Due to the enormity of the history-making events of the previous year, I feel compelled to continue my advice from our January issue regarding how to make 2009 a better year. Those events include a historical presidential election; huge interest rate reductions by the Federal Reserve; massive foreclosures and personal bankruptcies; corporate corruption, mergers, and bailouts; daily market record-lows and record- highs; as well as eye-popping oil prices. However, the most damaging event, in my opinion, is the history-making 50 billion dollar Ponzi scheme, run by Bernard L. Madoff, that turned many affluent investors into paupers, put many corporate investors out of business, and decimated many trusts, charities, and foundations.
Why is this an important topic? Because it has to stop. Because we have no idea how many more people are currently being victimized by unscrupulous professionals. Because many wealthy Americans who thought they would be paying more taxes under the new administration may not be "spreading the wealth" at all. Because the world has changed and may see many more changes that will affect its financial future. Because your financial future depends on it.
"It would be a wonderful thing if our industry could find a way to make all financial advisors and money managers accountable for the recommendations they make, since there isn't a way to be certain that your advisor is being watched like a hawk by the regulatory agencies" –This is a quote from my book Who's Sitting On Your Nest Egg. As I wrote this chapter titled Accountability, I did not even believe that the agencies who regulate the financial industry could miss a scheme of this magnitude. A previous Ponzi scheme, run by Samuel Israel III, did not even come close at 400 million.
The message is that you have to make your financial advisors, legal advisors, health care providers and tax preparers, as well as all other professionals in your life, accountable. How do you do that? One way to make them accountable is to ask a lot of questions. You are doing yourself a disservice if you worry about asking "dumb questions". If you don't know the answer, it's not a dumb question. Find time to call and discuss with them something you receive in the mail that you do not understand, such as an investment statement or a medical bill. Meet with them several times a year and make them "account" for their time billed, returns earned (or not earned), taxes owed, or fees charged. Make sure you understand what the projected outcome of a recommendation may be over a stated period of time, whether or not you are meeting those expectations, and why or why not.
The technical message regarding your investments is you have to know why you own a certain investment and what it is supposed to do for you. Although past performance does not predict future results, your advisors past experience with a particular investment should be of great importance to you. I suggest working with a financial professional who is not their own broker-dealer as Mr. Madoff was. A broker-dealer can be another layer of protection for the investor as they regulate their advisors to keep them compliant with industry rules.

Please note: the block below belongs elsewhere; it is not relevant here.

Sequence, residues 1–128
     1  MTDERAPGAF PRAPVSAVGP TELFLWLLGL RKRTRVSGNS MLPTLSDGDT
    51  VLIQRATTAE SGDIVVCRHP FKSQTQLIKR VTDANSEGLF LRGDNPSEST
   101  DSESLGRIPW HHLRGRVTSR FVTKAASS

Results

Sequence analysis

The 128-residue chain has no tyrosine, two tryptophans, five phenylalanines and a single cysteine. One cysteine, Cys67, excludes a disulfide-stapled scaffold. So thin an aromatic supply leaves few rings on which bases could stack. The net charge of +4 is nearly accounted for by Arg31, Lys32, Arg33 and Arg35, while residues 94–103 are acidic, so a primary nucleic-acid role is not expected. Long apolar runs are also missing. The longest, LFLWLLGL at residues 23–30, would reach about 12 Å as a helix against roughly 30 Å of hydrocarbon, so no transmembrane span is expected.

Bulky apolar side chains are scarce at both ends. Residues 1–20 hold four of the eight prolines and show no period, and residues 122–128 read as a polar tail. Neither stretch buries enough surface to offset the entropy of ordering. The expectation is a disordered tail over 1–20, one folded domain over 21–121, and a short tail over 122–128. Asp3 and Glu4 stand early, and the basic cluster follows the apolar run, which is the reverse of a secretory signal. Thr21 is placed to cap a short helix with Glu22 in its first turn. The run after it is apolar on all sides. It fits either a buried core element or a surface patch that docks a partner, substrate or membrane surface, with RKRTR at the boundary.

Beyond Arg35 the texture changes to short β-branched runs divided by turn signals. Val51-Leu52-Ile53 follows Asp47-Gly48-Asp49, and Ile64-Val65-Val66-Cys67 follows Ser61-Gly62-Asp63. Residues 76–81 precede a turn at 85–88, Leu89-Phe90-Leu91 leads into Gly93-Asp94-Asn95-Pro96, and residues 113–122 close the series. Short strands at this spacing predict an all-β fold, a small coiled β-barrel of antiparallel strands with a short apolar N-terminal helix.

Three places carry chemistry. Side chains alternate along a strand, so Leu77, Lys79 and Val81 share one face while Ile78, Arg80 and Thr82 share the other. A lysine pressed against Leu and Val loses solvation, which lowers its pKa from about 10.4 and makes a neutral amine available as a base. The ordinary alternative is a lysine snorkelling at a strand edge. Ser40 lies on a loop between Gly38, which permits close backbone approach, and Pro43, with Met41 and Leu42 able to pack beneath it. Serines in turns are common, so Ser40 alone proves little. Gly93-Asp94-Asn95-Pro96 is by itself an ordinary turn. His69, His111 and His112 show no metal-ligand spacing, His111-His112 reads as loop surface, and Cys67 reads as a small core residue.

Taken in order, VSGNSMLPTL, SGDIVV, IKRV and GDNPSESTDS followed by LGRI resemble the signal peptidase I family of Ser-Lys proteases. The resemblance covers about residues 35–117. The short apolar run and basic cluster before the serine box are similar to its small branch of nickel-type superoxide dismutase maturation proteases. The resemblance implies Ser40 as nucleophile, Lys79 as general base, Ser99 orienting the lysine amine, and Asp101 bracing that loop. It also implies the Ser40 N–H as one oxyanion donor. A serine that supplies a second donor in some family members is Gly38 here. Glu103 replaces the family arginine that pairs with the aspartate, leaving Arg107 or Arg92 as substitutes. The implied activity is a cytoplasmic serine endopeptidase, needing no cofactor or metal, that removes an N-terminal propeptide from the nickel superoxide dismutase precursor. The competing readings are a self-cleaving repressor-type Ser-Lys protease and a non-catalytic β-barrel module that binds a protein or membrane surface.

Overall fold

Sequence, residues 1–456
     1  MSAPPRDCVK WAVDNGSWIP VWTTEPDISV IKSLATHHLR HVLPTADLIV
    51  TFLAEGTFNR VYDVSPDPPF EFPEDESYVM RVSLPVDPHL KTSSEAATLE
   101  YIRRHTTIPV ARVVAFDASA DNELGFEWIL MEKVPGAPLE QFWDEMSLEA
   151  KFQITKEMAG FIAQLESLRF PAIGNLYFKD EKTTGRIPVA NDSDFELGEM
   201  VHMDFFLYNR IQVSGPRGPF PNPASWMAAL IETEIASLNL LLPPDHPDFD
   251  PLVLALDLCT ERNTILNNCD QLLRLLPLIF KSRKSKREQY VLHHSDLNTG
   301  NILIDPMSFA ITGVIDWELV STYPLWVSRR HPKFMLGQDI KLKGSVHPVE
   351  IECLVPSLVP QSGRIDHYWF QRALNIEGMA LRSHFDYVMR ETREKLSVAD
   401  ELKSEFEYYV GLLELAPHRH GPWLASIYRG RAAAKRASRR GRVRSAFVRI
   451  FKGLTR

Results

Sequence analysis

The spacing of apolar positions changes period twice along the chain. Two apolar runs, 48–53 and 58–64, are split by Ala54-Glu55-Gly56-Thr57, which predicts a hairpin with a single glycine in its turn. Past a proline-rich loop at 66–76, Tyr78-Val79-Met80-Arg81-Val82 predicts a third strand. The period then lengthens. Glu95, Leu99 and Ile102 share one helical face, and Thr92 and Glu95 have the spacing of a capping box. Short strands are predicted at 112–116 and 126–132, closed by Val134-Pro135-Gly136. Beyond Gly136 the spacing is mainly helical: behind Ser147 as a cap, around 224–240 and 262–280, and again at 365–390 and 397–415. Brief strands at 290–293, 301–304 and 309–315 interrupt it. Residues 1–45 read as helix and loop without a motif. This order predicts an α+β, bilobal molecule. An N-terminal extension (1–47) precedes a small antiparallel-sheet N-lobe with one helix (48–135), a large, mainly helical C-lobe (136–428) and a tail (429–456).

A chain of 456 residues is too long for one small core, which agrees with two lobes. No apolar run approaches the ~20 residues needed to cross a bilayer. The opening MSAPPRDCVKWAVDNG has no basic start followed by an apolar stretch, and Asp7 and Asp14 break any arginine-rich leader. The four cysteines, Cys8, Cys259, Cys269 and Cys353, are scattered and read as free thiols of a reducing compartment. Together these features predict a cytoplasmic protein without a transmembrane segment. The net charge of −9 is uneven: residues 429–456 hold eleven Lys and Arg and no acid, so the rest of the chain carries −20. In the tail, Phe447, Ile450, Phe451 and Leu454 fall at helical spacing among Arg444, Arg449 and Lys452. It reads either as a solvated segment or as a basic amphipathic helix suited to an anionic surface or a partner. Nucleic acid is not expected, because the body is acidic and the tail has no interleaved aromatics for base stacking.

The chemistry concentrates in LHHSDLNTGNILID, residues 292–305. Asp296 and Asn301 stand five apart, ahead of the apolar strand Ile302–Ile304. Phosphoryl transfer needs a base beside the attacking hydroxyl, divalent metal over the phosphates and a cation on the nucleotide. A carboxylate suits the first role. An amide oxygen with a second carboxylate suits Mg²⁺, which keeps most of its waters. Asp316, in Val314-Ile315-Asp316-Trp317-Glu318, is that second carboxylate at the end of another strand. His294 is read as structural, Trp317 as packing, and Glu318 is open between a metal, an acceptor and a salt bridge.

If your advisor manages your accounts himself, make sure you understand his/her trading strategies, and, what would cause them to change; make sure they work with many different types of investments (as opposed to only one) so they can match you up with the right one for your situation; make sure they are just as concerned with the tax effect of their recommendations as they are with the amount of money you have to invest, as well as who they will be accountable to should you become ill, and how your estate will pass to your heirs at your death (in order to properly name accounts and list beneficiary designations); and make sure there is an auditing process in place. You will want to question returns that do not seem possible because "if it's too good to be true . . .", well, you know the rest.
The bottom line is you are the first line of protection in your own finances and totally trusting and relying on one person in today's world of dishonesty, corruption, and just plain inadequacy, can cause major damage to your financial future. Be knowledgeable, be responsive, and most importantly, be alert. Because, your retirement depends on it.
Robin S. Davis is a Certified Financial Planner™, a member of the Financial Planning Association, and is the owner of Davis Wealth Enhancement Group, Inc., in Stuart, Florida. She has been advising retirees since 1984 and has held over 500 public seminars on financial issues. She is the author of the book Who's Sitting On Your Nest Egg? Why You Need a Financial Advisor and Ten Easy Tests for Finding the Best One. Davis expresses the importance of utilizing a competent financial advisor. For more information, please call (800) 896-5422 or (772) 463-4441, visit www.robindaviscfp.com, or email: firstname.lastname@example.org.